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EcoWatch is proud to be a media partner of the Cleveland International Film Festival (CIFF), now celebrating its 42nd year. This year, EcoWatch is honored to be sponsoring Anote's Ark. This documentary spotlights Kiribati, a small remote island facing devastating effects due to climate change.
EcoWatch Daily Newsletter
Ohio governmental officials will be releasing an updated report about a two-square-mile toxic blob at the bottom of Lake Erie that might be spreading perilously close to a water intake pipe that supplies drinking water for the city of Cleveland.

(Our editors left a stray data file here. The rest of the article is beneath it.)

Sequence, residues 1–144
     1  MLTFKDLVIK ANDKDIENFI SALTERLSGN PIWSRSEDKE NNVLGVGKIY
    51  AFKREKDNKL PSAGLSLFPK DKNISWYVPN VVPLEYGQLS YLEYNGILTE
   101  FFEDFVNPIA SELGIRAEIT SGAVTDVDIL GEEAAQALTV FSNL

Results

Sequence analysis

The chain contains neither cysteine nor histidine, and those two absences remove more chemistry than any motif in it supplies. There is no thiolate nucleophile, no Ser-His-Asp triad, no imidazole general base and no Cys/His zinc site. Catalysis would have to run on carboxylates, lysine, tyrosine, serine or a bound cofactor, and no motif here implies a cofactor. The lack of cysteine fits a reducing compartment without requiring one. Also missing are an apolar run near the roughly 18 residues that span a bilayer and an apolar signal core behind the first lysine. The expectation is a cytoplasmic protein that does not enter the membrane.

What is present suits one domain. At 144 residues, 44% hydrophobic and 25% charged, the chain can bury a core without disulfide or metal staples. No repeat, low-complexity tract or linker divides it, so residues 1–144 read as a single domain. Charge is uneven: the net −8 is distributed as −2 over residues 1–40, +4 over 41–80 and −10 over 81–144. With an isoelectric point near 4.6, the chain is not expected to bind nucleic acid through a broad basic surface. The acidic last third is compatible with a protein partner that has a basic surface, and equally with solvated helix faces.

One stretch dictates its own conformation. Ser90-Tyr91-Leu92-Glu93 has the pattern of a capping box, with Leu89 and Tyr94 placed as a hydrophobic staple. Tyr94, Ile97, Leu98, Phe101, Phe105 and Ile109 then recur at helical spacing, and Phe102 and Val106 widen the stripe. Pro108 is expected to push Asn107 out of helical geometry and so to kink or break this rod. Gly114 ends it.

Lake Erie's toxic sediment is a potential threat to city of Cleveland's drinking water.Stefanie Spear
According to The Plain Dealer, the new report is expected for release later this fall and is based on new tests taken nearby a section of the lake bottom known as Area-1, located about nine miles off the coast. Prior Ohio Environmental Protection Agency (EPA) tests of the tainted plot from 2014 and 2015 revealed levels of PCBs (polychlorinated biphenyls) and PAHs (polycyclic aromatic hydrocarbons) that were much higher than elsewhere in Lake Erie. These highly toxic chemicals can harm or kill aquatic life and can cause cancer in humans.
Lake Erie's toxic blob is the result of the U.S. Army Corps of Engineers' dumping of dredged and untreated sludge from the polluted Cuyahoga River shipping channel in the 1970s. The disposal took place before the Clean Water Act of 1972 was enacted.